The Waubun approach reflects an understanding among educators that a narrow focus on academics hasn't worked for the state, where 65 percent of American Indian students graduate from high school compared to almost 95 of their white peers.
Extensive studies show native students invested in their cultural heritage do better at school. Says Morgan Brown, assistant commissioner at the Minnesota Department of Education, "The research is strong that for American Indian students, having that cultural connection is very much a motivating factor."
Catch up on culture
Since moving to the White Earth Reservation from Detroit Lakes, Minn., some three years ago, ninth-grader Lera Hephner missed taking part in a drum and dance group. She practiced alone at home, but that didn't match the sense of belonging she's regained after joining the new Waubun group.
"Dancing for me isn't just exercise," she says. "It's a way to connect with my culture and my people."
Students and teachers say many youngsters on the reservation have little exposure to native traditions. The majority have only learned some cultural basics this semester: when to sit or stand during a powwow, what the role of women in matriarchal native communities was and what the native concept of respect - for elders, for peers and for oneself - is about.
Gina Boudreaux, who serves on the Indian Education Parent Committee in the district, didn't start learning about her Ojibwe heritage until she moved onto the reservation more than a decade ago. She's still learning. Boudreaux recently spoke to the after-school group about the sacred uses of tobacco and the importance of growing the plant instead of feeding the coffers of Big Tobacco.
"Bringing in the cultural piece draws our children in," she says. "They love it."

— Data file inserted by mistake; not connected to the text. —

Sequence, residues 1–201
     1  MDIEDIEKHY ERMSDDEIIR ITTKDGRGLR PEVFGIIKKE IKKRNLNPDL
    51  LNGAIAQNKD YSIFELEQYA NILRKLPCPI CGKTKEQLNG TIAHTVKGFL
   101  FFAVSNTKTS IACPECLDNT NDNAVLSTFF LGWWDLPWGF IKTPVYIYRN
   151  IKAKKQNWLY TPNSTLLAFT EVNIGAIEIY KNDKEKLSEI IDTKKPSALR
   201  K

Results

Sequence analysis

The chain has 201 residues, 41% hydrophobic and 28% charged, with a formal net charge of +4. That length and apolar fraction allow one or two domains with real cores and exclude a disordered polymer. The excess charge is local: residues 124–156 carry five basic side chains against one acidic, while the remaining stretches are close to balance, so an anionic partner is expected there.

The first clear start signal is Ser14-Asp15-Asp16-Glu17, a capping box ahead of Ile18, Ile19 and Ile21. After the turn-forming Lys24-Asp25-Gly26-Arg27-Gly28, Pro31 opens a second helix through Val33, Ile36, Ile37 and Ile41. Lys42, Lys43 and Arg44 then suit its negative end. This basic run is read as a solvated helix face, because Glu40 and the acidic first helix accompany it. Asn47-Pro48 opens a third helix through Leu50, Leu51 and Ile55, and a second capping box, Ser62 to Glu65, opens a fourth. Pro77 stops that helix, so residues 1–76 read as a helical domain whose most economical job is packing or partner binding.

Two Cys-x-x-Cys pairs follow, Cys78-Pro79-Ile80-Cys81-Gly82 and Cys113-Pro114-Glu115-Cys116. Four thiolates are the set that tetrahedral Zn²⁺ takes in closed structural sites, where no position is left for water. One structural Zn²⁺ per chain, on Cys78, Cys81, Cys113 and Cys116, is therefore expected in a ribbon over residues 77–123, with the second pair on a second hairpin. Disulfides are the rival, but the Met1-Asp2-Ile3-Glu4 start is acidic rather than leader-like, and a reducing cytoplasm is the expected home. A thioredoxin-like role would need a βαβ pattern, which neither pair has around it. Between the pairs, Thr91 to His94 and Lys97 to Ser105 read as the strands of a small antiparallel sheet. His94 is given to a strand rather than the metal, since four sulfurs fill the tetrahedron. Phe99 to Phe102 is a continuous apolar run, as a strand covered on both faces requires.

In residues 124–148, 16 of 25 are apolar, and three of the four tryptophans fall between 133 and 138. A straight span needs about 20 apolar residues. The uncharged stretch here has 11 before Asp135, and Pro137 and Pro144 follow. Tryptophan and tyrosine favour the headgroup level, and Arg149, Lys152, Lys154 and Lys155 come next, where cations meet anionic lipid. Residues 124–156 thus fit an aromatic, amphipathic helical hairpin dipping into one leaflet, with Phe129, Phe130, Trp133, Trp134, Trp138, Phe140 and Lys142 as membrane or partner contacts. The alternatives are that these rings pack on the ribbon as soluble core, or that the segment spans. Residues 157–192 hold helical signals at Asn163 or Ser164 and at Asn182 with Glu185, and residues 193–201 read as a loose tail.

A handful of white students have tried Beading and Reading as well. "Before, a lot of it was you either did the white thing or the native thing," says Smith. "They've crossed each other in a healthy way."
School officials say they aren't satisfied with attendance, at about 12 to 20 regulars. They say sports and the novelty of the program have kept students away.
But students say some of their peers aren't there because they're aware the ways of native tradition and self-destructive behaviors don't mix. Says Hephner, "So many young people are getting into drugs and alcohol and turning away from tradition."
Barrientez says the after-school program suggests an alternative: "We're bringing our culture back. We're getting stronger physically, mentally and spiritually."
Readers can reach Forum reporter Mila Koumpilova at (701) 241-5529
After school in Minnesota
According to the Afterschool Alliance, a national advocacy group, the roughly 957,300 school-age children in Minnesota can use more after-school programs.
- About 35 percent of school-age children have no adult supervision after school.
- Only 8 percent of Minnesota's K-12 students are able to participate in after-school programs.
- Nearly 35 percent of those students would likely participate in after-school programs if those were available.
- 75 percent of parents in Minnesota are extremely or somewhat satisfied with the after-school program their child attends.